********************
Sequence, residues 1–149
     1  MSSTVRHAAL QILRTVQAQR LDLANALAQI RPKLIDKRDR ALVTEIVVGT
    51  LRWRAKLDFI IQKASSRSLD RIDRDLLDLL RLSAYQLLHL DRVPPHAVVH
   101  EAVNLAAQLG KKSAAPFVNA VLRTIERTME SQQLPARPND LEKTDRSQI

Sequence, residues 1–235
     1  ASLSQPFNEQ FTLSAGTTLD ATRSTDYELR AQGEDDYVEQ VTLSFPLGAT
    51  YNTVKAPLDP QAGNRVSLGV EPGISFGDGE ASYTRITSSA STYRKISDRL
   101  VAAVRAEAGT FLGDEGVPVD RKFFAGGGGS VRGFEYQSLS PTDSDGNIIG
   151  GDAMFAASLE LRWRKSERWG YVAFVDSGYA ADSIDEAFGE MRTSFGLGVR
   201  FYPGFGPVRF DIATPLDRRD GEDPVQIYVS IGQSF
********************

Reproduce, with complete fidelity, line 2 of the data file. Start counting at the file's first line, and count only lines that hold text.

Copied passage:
     1  MSSTVRHAAL QILRTVQAQR LDLANALAQI RPKLIDKRDR ALVTEIVVGT